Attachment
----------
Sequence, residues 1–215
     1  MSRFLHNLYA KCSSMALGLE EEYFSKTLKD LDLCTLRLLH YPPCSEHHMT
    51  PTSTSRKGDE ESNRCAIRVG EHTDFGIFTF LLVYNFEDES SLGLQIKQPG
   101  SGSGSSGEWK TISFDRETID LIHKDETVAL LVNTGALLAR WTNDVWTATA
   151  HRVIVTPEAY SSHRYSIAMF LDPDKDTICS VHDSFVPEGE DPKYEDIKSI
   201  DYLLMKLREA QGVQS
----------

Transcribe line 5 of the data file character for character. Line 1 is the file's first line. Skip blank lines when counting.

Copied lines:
   151  HRVIVTPEAY SSHRYSIAMF LDPDKDTICS VHDSFVPEGE DPKYEDIKSI